server {

    location / {
        return 200 "Thank you for your report.\n";

limit_req_zone $binary_remote_addr zone=peripzone:10m rate=5r/m;

server {
    listen *:80;

    location = /csp-reporting {
        # We just allow POST actions. Add PUT if you want to
        # support PUT as well. (Not needed for CSP reports.)
        limit_except POST {
            deny all;

        # Where to store the files on disk
        client_body_temp_path      /var/www/reports/csp/;
        # Store the file on disk, and don't delete it, no matter
        # what the proxy returns.
        client_body_in_file_only   on;
        # Store at most 64k on disk. That should be sufficient
        # for CSP reports.
        client_body_buffer_size    64K;
        client_max_body_size       64K;
        # Give the client 10 seconds to upload.
        client_body_timeout        10s;

        # Do rate limiting
        limit_req                  zone=peripzone burst=20 nodelay;

        # Now proxy to the small internal server we started
        # above, and don't pass the uploaded file to it.
        proxy_set_body             off;
        proxy_pass       ;

note that i added rate limiting (see the ngx_http_limit_req_module module), allowing on average five uploads per second for remote ips, with bursts up to 10 uploads. see the ngx_http_limit_req_module module's documentation for more information on adding more rate limiting. you can for example also add limits per server, instead of just one per remote ip.

posted in: www


classically, revokation of certificates was accomplished with certificate revokation lists (crls). the idea was that browsers regularly download crls from the certificate authorities (cas) and check whether certificates they see are on the list. this doesn't scale well, though. nowadays, there are many cas trusted by browsers in their default configuration, and crls tend to get huge.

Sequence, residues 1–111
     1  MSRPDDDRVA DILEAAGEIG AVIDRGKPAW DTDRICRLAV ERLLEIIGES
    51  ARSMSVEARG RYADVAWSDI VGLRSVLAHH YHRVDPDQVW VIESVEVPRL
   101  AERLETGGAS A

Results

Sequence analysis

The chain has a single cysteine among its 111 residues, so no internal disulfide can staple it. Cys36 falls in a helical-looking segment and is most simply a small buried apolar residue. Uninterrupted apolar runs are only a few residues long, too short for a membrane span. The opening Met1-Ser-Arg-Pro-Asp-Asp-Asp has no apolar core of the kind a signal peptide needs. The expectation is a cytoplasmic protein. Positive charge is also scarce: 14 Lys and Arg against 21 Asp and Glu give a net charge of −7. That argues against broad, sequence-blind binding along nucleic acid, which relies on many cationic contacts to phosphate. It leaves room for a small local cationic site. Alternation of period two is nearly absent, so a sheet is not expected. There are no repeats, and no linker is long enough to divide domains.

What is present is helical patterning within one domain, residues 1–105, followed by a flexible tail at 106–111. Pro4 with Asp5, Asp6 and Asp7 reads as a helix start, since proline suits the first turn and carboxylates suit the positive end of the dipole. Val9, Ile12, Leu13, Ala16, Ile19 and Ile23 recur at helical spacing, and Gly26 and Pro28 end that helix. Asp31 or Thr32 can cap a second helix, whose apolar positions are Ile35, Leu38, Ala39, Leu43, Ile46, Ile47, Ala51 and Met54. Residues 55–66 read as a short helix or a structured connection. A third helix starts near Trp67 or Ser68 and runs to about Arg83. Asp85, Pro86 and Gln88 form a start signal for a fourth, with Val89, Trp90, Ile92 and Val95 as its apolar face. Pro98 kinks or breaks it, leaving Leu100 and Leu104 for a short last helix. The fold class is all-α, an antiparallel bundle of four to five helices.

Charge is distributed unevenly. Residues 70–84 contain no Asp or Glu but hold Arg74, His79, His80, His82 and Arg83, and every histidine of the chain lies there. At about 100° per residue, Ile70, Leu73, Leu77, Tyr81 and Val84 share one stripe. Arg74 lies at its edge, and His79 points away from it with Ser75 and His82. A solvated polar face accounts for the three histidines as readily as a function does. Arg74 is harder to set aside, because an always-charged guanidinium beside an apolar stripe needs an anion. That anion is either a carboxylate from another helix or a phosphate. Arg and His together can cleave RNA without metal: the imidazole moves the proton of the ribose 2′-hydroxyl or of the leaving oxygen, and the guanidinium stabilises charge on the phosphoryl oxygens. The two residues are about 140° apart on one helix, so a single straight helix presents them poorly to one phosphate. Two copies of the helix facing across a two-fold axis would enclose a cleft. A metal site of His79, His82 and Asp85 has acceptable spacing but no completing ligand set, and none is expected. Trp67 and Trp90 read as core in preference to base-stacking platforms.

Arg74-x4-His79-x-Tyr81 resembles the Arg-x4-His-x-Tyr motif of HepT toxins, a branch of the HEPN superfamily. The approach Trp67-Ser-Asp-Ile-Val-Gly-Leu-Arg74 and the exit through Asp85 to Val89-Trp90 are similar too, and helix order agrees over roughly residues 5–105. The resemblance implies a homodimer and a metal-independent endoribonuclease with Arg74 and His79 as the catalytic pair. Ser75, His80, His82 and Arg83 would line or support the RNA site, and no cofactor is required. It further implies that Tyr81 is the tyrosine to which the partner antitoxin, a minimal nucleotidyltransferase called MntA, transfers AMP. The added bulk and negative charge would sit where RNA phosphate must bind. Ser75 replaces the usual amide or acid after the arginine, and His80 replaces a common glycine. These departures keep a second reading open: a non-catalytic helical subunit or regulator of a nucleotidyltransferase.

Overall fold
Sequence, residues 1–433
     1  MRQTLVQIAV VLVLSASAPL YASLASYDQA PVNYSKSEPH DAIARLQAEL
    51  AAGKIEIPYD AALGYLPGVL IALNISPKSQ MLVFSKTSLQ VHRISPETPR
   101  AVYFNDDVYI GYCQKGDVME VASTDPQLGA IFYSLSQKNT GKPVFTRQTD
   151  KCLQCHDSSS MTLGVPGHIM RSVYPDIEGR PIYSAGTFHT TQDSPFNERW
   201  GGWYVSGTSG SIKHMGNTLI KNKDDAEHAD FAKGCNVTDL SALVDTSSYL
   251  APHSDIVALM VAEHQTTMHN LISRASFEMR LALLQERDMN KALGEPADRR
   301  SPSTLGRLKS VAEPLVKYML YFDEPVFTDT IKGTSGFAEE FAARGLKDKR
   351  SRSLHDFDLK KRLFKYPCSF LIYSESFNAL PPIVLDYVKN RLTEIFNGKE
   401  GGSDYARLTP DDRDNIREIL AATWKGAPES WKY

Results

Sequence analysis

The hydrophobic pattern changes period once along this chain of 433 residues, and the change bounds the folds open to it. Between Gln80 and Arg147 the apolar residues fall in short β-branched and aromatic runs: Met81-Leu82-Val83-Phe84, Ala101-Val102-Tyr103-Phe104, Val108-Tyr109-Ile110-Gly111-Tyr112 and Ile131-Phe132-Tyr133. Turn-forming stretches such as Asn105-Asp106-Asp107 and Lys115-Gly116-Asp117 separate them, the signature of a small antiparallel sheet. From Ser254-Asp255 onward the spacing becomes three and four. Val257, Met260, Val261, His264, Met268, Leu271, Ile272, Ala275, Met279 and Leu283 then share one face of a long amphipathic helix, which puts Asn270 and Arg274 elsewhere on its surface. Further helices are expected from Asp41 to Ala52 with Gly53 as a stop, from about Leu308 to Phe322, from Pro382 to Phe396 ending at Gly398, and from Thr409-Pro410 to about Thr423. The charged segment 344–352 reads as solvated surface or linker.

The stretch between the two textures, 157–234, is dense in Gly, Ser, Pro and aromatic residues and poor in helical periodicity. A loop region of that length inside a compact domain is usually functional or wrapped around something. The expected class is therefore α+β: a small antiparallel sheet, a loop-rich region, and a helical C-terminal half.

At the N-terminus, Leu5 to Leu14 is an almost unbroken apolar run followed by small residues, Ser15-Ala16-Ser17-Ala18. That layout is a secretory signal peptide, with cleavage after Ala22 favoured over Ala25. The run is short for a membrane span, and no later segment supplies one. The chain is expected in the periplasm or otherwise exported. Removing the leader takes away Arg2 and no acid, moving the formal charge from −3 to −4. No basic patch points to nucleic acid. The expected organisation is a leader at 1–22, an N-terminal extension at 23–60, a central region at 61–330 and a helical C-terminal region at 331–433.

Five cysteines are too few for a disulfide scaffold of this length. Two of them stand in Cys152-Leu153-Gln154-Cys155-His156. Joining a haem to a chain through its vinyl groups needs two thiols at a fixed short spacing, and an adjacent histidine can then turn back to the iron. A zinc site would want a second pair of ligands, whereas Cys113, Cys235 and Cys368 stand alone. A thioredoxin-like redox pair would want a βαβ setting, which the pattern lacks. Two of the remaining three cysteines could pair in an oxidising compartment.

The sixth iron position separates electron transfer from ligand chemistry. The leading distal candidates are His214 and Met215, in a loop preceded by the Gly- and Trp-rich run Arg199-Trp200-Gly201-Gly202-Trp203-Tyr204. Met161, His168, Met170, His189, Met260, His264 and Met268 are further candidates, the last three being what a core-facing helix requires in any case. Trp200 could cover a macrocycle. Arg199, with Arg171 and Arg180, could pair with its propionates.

a better solution is the online certificate status protocol (ocsp): a browser, when encountering a new certificate, asks the ocsp server of the browser (the url for it is contained in the certificate) whether the certificate is still valid. this has several downsides as well: first, ocsp servers are not always reliable. if a browser cannot connect to it (or doesn't get a reply), what should it do? deny access to the site? besides that, there's another large downside: privacy. the ocsp server knows which page you are visiting, because the browser tells it by asking whether its certificate is valid.

ocsp stapling was invented to improve upon this: the idea is that the webserver itself asks the ocsp server for the status of its certificate, and delivers the answer together with the certificate to the connecting browser. as the ocsp response is signed by the cas certificate, the browser can verify that the response is valid. also, the expiration time of ocsp responses is much less than the one for certificates, so if a certificate is revoked, existing ocsp responses will only be valid for a couple of more days.